White-Faced Saki Monkey Fact File


The white-faced saki monkey is noticeably different in appearance between the male and female. Males are black across the body except for the white or pale gold face which gives them their name. They have a black nose. The throat has no fur to make scent marking easier.

Females in contrast are a grey brown color with pale tips to the hairs. Their face is dark in color. The belly is a paler color than the rest of the body and a white stripe extends from the eye to the side of the face.

Their bushy tail is not prehensile and cannot be used to hold items or move through the trees.

They measure 35cm (14in) long on average with a tail that can reach up to 44cm (17.5in) long. Their weight averages 2kg (4.5lbs). Both genders are typically similar in size.


The white-faced saki is an omnivore. The main component of their diet is fruit with leaves, nuts and insects also being eaten. Small animals such as birds and bats are also eaten on occasion.

They are equipped with sharp incisor teeth which help them to impale fruit and strong canines which can crack seeds and nuts.

To supplement their diet they will eat soil to obtain the minerals within. They obtain iron by eating termite mounds.

Water is obtained by dipping their hands in the puddles which form in a tree hollow and then licking the water off their hands.

white-faced saki monkey

Scientific Name

Pithecia pithecia

Conservation Status

Least Concern


2kg (4.5lbs)


35cm (14in)


Wild 15 years

Captive 35 years



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South America is the native home of the white-faced saki. Here they live throughout Brazil, French Guiana, Guyana, Suriname and Venezuela.


They make their home in mature forest habitats such as flooded, evergreen, coastal and gallery forest though they can also exist in secondary forests. Population density in secondary forests is typically lower.

white-faced saki monkey


Infants are typically born in November or December. Males and females can mate with multiple partners in the wild. Previous reports of them being monogamous were mostly obtained in captivity.

Females give birth after a 146 day gestation period. A single infant has been born on all recorded occasions but twins could be possible.

For the first 5 months of their life the infant clings to the mother’s fur. At 2 months old the fur on a males face will begin to turn white or pale gold while the female retains her infant coloration.

Young sakis remain in the group after weaning and may provide assistance with raising the next infant born.

Males mature soon before their third birthday with females maturing around the same time or slightly later.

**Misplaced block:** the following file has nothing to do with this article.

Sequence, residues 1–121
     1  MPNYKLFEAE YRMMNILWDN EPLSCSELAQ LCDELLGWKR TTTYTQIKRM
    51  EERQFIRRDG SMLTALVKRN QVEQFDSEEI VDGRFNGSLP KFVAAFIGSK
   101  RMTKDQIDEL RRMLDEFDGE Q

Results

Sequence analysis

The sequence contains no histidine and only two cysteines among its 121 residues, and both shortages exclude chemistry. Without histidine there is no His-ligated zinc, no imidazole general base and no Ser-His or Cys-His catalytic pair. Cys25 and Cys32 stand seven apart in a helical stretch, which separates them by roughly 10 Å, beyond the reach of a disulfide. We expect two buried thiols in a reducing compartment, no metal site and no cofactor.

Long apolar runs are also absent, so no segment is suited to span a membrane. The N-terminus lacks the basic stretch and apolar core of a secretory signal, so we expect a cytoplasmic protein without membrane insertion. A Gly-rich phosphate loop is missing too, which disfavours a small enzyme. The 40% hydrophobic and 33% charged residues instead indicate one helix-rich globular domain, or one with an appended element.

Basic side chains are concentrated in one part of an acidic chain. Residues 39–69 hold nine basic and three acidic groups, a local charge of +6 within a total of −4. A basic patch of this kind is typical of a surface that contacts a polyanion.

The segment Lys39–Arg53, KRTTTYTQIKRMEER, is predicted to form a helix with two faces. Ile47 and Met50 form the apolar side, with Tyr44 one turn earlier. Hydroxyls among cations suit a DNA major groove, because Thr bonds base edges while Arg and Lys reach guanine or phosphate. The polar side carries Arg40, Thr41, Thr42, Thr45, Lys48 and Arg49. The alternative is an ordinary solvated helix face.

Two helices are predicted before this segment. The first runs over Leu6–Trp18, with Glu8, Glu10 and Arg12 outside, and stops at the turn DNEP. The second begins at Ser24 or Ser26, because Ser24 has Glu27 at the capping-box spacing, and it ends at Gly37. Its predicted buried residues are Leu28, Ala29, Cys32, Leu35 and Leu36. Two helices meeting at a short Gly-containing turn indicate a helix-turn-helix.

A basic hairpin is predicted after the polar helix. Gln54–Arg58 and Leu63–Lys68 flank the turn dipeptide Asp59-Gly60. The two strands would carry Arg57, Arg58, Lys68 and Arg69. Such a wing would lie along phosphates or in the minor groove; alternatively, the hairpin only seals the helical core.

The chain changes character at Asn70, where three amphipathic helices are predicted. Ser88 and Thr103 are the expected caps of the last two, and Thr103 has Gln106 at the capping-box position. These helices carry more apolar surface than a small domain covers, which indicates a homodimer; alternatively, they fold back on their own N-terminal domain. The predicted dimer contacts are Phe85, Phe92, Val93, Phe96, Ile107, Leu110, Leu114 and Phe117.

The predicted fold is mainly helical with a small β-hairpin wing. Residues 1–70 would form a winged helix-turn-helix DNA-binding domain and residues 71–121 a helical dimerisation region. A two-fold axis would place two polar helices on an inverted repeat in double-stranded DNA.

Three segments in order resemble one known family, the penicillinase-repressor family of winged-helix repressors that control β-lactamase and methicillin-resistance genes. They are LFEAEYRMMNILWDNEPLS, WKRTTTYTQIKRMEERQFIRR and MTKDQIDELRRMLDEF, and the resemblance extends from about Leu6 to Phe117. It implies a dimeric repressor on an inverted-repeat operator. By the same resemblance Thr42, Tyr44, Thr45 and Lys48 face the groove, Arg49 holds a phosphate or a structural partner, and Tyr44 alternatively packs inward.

On the throat is the gular gland which is used for scent marking. Urine is also used for scent marking. Most of this scent marking is performed by males.

White-faced sakis are active during the day. At night they sleep coiled up on a branch.

Most of their time is spent in the trees. To move between trees they are able to jump up to 10m (33ft).

They live in small groups. Most of these have four members but groups of up to ten have been observed.

This group maintains a home territory. This is aggressively defended against other white-faced sakis. If two groups meet they will engage in treat displays including loud vocalizations, branch shaking and chasing.

A mating pair will call to each other to reinforce their bond. These calls include trills, chuckles, whistles and growls.

white-faced saki monkey

Predators and Threats

Natural predators of the white-faced saki include birds of prey such as the harpy eagle, cats such as the jaguar and snakes.

If predators approach they let out an alarm call and the whole group will stand still. The group may gang up to attack smaller predators.

When threatened the white-faced saki will perform a threat display during which they growl and shake their body while it is an arched posture. If this is unsuccessful they will shake a branch with their whole body.

Humans reduce their population through habitat destruction and hunting.

Quick facts

They are sometimes called the ‘flying monkey’ due to their ability to jump up to 10m (33ft) in a single bound.

white-faced saki monkey

Photo Credits

Top Two and Bottom

Under License


By _paVan_ from Singapore, Singapore - White-faced Saki Monkey, CC BY 2.0, https://commons.wikimedia.org/w/index.php?curid=65696858


Burnie, D., 2011. Animal. 3rd ed. London: DK

Edinburgh Zoo. 2020. White-Faced Saki | Edinburgh Zoo. [online] Available at: <https://www.edinburghzoo.org.uk/animals-and-attractions/animals/white-faced-saki/> [Accessed 7 October 2020].

Starr, E., 2018. White-Faced Saki. [online] New England Primate Conservancy. Available at: <https://www.neprimateconservancy.org/white-faced-saki.html> [Accessed 7 October 2020].

Grubich, N. 2013. "Pithecia pithecia" (On-line), Animal Diversity Web. Accessed October 07, 2020 at https://animaldiversity.org/accounts/Pithecia_pithecia/

Smithsonian's National Zoo. 2020. Pale-Headed Saki Monkey. [online] Available at: <https://nationalzoo.si.edu/animals/pale-headed-saki-monkey> [Accessed 7 October 2020].

Stlzoo.org. 2020. White-Faced Saki | Saint Louis Zoo. [online] Available at: <https://www.stlzoo.org/animals/abouttheanimals/mammals/lemursmonkeysapes/whitefacedsaki> [Accessed 7 October 2020].

Kidszoo.org. 2020. White-Faced Saki Monkey | Our Animals | Fort Wayne Children's Zoo. [online] Available at: <https://kidszoo.org/our-animals/white-faced-saki-monkey/> [Accessed 7 October 2020].

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